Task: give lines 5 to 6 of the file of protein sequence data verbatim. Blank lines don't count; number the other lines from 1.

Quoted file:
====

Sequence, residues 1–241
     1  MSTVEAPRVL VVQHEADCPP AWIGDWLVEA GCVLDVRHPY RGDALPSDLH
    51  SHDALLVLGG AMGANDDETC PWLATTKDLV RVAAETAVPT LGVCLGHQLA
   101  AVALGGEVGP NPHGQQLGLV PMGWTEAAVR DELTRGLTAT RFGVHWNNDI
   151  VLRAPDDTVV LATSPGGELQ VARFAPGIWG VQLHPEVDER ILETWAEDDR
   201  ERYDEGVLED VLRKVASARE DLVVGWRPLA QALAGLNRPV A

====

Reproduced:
   151  VLRAPDDTVV LATSPGGELQ VARFAPGIWG VQLHPEVDER ILETWAEDDR
   201  ERYDEGVLED VLRKVASARE DLVVGWRPLA QALAGLNRPV A